This page displays results from a MacDNAsis analysis of the human phospholipase C cDNA and amino acid sequence located on my genbank page. Also here is the MacDNAsis analysis of the homology between the respective amino acid sequences of the four other organisms listed on my genbank page and the amino acid sequence generated from largest open reading frams (ORF) in the human phospholipase C cDNA.
Phospholipase C cDNA Open Reading Frame.
Figure 1. Largest open reading frame of human phospholipase C cDNA.
MacDNAsis analysis of the human phospholipase C cDNA generated three open reading frames searches stacked here one on top of the other. The red triangles specify start codons, the green lines stop codons, and the black box indicates the largest open reading frame (ORF). The largest open reading frame, found in the third ORF search, lies between the 252nd and 3197th nucleotides. It produces a protein of 2945 bp. and a predicted molecular weight of 111.21073 kda. To view the original cDNA sequence from which the ORF was determined click here.
Hydropathy Plot of Phospholipase C.
Figure 2. Hydropathy plot of the human phospholipase C amino acid sequence.
MacDNAsis analysis produced a hydropathy plot of the human phospholipase C protein. A hydropathy plot measures the hydrophobicity of the amino acids of a protein sequence. Peaks on the plot scaling to or beyond 2.00 suggest that those regions reside in a membrane. The plot generated shows some areas of hydrophobicity at and around amino acids 380 and 700. These peaks, however, are not high enough to be considered transmembrane regions. The lack of any transmembrane regions suggests that phospholipase C is not an integral protein.
Antigenicity plot of Phospholipase C.
Figure 3. Antigenicity plot of the human phospholipasen C amino acid sequence.
MacDNAsis analysis produced an antigenicity plot of human phospholipase C. An antigenicity plot measures the hydrophilicity of the amino acids of a protein sequence. The greater the hydrophilicity the greater the cytoplasmic or extracellular exposure that particular portion of the protein experiences. A highly exposed epitope facilitates greater binding potential between itself and its corresponding antibody. Amino acid regions around 450 and 970 of the phospholipase C sequence show a high degree hydrophilicity. Portions of the protein such as these would be ideal epitope regions.
Predicted Secondary Structure of Phospholipase C.
Firgure 4. Computer prediction of the secondary structure of human phospholipase C.
MacDNAsis analysis produced a prediction of the secondary structure of phospholipase C from the primary amino acid sequence. The blue portions indicate alpha helical regions, red portions indicate beta sheet regions, green portions indicate turns in the protein, and the gray portions indicate coiled regions. The predictated structure shows a great deal of turning throughout the protein and an extend alpha helical region toward the end of the protein. To view the three dimensional structure of phospholipase C click here.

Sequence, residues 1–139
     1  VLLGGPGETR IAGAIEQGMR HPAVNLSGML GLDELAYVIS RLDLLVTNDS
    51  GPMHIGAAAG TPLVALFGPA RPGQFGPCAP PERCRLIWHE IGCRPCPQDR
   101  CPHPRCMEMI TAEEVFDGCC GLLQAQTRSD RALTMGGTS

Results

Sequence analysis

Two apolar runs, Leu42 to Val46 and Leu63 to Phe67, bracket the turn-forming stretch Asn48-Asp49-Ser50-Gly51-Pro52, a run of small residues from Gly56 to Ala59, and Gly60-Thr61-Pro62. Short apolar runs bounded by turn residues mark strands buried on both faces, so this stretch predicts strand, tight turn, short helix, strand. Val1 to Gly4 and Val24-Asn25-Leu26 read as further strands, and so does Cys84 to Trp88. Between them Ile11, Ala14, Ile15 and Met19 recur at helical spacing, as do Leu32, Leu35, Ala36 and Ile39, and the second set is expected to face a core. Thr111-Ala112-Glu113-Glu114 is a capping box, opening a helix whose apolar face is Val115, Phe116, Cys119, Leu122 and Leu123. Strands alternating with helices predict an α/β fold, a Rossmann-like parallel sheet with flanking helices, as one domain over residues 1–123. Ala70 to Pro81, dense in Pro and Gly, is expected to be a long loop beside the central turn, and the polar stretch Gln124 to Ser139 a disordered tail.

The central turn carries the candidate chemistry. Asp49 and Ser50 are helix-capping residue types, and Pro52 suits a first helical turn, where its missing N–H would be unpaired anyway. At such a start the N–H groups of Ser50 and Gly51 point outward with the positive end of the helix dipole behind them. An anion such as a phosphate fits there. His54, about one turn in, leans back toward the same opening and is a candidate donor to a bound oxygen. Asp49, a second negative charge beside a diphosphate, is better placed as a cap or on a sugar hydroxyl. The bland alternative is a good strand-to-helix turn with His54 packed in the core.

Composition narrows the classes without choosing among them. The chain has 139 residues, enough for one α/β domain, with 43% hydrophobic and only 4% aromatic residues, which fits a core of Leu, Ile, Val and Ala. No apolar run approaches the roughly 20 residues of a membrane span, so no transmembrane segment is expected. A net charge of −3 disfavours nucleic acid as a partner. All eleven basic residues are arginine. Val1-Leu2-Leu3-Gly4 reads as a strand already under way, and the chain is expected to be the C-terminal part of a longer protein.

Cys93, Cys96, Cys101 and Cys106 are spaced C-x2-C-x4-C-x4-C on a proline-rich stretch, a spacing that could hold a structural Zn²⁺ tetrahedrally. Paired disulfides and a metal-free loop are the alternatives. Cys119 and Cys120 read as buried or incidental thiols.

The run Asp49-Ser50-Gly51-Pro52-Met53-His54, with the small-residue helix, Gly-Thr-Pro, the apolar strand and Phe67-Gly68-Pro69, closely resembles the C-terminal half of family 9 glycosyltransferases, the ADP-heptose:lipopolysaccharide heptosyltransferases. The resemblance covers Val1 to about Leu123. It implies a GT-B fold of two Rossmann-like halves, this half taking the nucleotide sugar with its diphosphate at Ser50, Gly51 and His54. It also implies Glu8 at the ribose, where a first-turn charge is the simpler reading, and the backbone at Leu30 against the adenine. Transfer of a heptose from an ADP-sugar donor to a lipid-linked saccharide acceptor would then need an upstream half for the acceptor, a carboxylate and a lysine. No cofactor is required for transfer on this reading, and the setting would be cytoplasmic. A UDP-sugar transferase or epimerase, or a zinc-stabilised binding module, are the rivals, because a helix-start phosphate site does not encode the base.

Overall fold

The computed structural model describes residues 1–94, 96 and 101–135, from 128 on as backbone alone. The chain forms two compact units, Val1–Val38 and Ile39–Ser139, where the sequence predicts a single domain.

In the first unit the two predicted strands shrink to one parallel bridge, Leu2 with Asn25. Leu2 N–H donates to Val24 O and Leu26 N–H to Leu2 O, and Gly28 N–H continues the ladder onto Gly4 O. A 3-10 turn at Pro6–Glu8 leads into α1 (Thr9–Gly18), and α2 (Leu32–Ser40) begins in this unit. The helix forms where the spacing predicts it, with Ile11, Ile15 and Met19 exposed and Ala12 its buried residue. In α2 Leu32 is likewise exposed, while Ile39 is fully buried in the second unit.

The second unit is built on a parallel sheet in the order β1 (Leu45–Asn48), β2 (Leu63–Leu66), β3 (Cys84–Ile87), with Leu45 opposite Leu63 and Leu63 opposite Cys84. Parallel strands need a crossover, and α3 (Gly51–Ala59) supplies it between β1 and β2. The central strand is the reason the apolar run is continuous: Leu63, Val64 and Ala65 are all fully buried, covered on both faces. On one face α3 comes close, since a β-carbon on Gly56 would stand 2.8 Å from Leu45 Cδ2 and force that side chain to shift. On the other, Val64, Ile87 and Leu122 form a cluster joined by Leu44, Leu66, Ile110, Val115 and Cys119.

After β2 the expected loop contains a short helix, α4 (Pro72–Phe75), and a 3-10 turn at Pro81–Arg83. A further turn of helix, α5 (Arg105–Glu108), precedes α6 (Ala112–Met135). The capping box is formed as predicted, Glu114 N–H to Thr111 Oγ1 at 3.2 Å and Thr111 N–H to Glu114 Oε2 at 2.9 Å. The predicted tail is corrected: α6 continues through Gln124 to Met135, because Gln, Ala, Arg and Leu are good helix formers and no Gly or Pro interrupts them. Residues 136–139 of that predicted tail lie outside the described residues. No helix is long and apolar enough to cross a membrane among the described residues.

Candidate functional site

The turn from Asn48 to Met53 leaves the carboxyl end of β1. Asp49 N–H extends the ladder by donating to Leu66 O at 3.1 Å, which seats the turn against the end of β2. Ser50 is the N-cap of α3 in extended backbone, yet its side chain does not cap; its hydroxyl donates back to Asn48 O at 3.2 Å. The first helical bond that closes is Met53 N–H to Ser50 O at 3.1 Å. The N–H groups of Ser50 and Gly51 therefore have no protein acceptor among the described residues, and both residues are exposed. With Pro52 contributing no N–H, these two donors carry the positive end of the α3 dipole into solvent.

Multiple Sequence Alignment of the Amino Acid Sequences of the Five Genbank Organisms.
Figure 5. Multiple sequence alignment of the amino acid sequneces of the five genbank organisms.
MacDNAsis analysis produced a multiple sequence alignment of the amino acid sequences of the five genbank organisms. The black regions of the alignment indicate homology between organisms. There are certain areas within the alignment that show a high degree of homology. The portion seen above, however, details amino acid conservation of only 150 of the 982 total amino acids. The majority of the human phospholipase C protein shows a low degree of homology with the four other organisms. To view the orginal protein sequences of the five studied organisms click on any of the following: human; mouse; c.elegan; drosophila; or yeast.
Phylogenic Tree of the Amino Acid Sequences of the Five Genbank Organisms.
Figure 6. Phylogenic tree depicting the homology between the amino acid sequences of the five respective organisms.
MacDNAsis analysis produced a phylogenic tree detailing conservation between the amino acid sequences of the five genbank organisms. The tree shows little homology between the human phospholipase C protein and those of the four other organisms. The amino acid sequence from c. elegans had the highest degree of similarity at 15.5 per cent and yeast the lowest at 7.5 per cent. To view the original protein sequences of the five studied organisms click on any of the following: human; mouse; c.elegan; drosophila; or yeast.
To get to the genbank page click here.
To return to the DLC hompage click here.